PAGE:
Literally Green Skyscrapers: In a near-future world with 9 billion people, land will be even more valuable than it is today.  Researchers have been asking themselves how we are going to feed all those new people...  What if we built high rise greenhouses?
Literally Green Skyscrapers: In a near-future world with 9 billion people, land will be even more valuable than it is today. Researchers have been asking themselves how we are going to feed all those new people... What if we built high rise greenhouses?Courtesy Curbed SF

Specifically, farming is one of the largest contributors of carbon dioxide, methane, and nitrous oxide – all greenhouse gases – in our atmosphere. The four major sources of these emissions include fossil fuel consumption, fertilizer usage, animal farts and poop (no kidding!), as well as land use change (mainly, deforestation). As serious a problem as climate change is, one of the most important truths for environmentalists to remember is that people have needs that necessarily affect the health of the environment. For example, the world’s population is currently well over six billion people who need roughly 2,000 calories from food each day. That’s a lot of food that we depend upon farmers to raise and grow for us every day! And with predictions of nine billion people occupying the Earth in a mere forty years, our global population’s appetite is growing.

However, a June 2010 study published in Scientific American says that farming’s bad rap is undeserved, and actually modern high-yield crop farming has a net reduction of greenhouse gas emissions. Say what??

Here’s how it works: What sustainability-minded scientists from many disciplines strive to do is find ways to limit (better!) or eliminate (best!!) peoples’ negative impact on the environment.

In the 1960s, farmers and researchers began to develop new methods of farming to feed the rapidly expanding population. This has been called the “Green Revolution.” The results of their studies produced modern high-yield farming, which has allowed farmers to produce more food in less space. According to the Stanford researchers, though high-yield farming is possible largely because of fertilizer use – one of the four major sources of greenhouse gas emissions on farms – it prevents land use change in the form of deforestation – another one of the four major sources of greenhouse gas emissions on farms. The key point is that the greenhouse gas emissions caused by fertilizer use is less than the greenhouse gas emissions caused by deforestation, which yields a net reduction. That is, if we had continued with pre-Green Revolution farming techniques, in order to feed today’s population, we’d be using less fertilizer, deforesting more land, and emitting considerably more greenhouse gases than we currently are.

Today, at the Institute on the Environment, the Global Landscapes Initiative continues to focus on seeking ways to secure a healthy land use future for both people and the environment. This includes researching innovative agricultural practices.

Hydroponics: Hydoponics is a method of growing plants without soil.  Weird, but true!  Instead, plants are raised in a mineral water bath.  Could this be the future of farming?
Hydroponics: Hydoponics is a method of growing plants without soil. Weird, but true! Instead, plants are raised in a mineral water bath. Could this be the future of farming?Courtesy pchic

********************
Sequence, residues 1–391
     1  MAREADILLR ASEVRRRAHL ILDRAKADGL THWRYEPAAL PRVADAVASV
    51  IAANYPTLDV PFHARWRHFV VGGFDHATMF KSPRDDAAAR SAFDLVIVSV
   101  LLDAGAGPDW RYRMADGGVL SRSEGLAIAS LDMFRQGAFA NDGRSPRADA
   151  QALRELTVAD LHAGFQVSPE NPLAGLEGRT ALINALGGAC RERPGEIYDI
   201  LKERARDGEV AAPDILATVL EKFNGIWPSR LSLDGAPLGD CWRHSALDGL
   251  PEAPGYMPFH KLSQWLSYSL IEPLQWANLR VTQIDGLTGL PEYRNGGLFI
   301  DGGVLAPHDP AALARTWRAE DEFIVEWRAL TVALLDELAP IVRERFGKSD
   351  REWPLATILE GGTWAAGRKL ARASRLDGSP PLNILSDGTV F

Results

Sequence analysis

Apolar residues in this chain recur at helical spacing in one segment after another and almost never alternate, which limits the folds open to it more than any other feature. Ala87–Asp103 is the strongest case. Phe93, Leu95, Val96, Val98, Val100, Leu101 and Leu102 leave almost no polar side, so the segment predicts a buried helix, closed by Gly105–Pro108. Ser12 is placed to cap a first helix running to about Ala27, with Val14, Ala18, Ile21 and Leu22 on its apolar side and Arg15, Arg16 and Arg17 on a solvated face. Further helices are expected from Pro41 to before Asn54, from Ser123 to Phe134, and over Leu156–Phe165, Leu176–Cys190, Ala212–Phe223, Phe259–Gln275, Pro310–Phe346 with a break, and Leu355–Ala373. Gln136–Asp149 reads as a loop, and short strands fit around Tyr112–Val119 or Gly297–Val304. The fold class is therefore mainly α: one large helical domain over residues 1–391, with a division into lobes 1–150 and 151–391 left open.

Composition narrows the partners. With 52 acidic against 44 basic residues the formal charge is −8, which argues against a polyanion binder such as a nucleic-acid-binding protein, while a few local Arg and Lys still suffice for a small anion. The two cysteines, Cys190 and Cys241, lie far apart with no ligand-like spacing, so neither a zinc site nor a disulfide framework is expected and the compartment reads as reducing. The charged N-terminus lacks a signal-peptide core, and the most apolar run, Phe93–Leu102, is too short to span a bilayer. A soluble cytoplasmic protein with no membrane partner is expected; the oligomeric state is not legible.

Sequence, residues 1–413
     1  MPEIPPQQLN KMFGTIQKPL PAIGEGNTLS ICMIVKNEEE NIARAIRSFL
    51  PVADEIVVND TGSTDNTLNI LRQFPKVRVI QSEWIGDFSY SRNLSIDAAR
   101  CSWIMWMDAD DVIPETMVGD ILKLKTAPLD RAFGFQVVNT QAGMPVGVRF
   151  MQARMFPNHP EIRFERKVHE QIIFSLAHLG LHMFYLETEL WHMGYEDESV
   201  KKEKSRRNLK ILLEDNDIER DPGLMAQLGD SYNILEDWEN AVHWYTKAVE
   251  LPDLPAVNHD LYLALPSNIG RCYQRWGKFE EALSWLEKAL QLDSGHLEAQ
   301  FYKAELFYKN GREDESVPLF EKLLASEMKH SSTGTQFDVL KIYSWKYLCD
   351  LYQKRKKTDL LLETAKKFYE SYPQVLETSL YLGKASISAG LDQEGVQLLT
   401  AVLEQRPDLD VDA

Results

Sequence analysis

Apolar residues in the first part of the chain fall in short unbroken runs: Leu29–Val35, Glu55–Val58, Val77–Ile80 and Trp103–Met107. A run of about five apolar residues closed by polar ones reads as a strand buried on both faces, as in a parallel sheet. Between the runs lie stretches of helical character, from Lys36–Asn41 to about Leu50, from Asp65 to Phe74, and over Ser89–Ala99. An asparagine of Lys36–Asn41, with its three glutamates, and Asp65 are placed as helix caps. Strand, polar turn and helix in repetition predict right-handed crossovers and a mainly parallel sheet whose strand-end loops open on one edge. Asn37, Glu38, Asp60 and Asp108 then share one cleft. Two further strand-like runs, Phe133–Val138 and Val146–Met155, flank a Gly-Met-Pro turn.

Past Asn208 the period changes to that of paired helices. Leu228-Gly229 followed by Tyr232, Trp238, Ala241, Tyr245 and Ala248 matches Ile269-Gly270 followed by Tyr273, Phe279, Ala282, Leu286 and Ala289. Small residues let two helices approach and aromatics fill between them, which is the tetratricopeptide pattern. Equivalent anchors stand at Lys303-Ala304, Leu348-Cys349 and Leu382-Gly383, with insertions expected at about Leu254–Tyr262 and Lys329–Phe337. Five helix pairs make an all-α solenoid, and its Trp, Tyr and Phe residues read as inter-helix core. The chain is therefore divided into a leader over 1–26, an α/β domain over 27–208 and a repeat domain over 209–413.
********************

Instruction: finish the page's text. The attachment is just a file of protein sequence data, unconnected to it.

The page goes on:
Another Scientific American article has it’s own ideas about how to provide food to our growing population: build vertical farms. These futuristic, skyscraping greenhouses are based upon existing hydroponic greenhouses and could reduce fossil-fuel use while simultaneously recycling city wastewater. Hydroponic greenhouses grow plants without soil! Instead, they use mineral nutrients dissolved in water, allowing plants to be grown just about anywhere… including on the 34th floor. According to the article,

“A one-square-block farm 30 stories high could yield as much food as 2,400 outdoor acres…”

That’s a lot of food. A lot. Really? Is it possible? The paper’s author claims it is and that architects, engineers, designers, and “mainstream organizations” are taking note of his vertical farm concept.

Mar
17
2010

Nom nom nom!
Nom nom nom!Courtesy Alaina B. (Flickr)

Cheeseburgers. Watermelon. Grilled corn-on-the-cob. As the promise of warmer weather inches increasingly closer, I’m already dreaming of my favorite summer foods. (I mean, really, aren’t you?? Bet you are now…)

The world’s population is reaching 9 BILLION people, and we all have to eat! (I know, “Thank you, Captain Obvious.”) In the United States, almost everyone eats incredibly well by world standards. Globally, many families are lucky to share a bowl of rice for dinner. Meanwhile, crop yields aren’t keep up with increasing demand, so world food prices are rising everyday. The developing world already experiences a food shortage, but even in the developed West, we are not completely insulated against the effects of an escalating population on global food supply. Science confirms what our guts and pocket books are already telling us – we can’t keep biggering our population without seriously thinking about how we grow and eat our food.

So what are we going to do?? Don’t despair. Thankfully, great minds are thinking about the global food crisis and considering how to ensure food security throughout the world. Many of these ideas are published in Science magazine’s recent food security issue. Scientists play an important role in boosting crop yields by researching crops and farming methods that: 1) use little water, 2) don’t deplete the soil of nutrients, and 3) increase how much food is grown per seed. Engineers and technicians are also aiding the process: plant breeders are now using robots to streamline breeding programs, which allows researchers to introduce cool new traits that allow crops to fight fungi, weeds, and viruses that threaten to wipe out entire crops (in honor of St. Patrick’s Day 2010, remember the Irish Potato Famine?).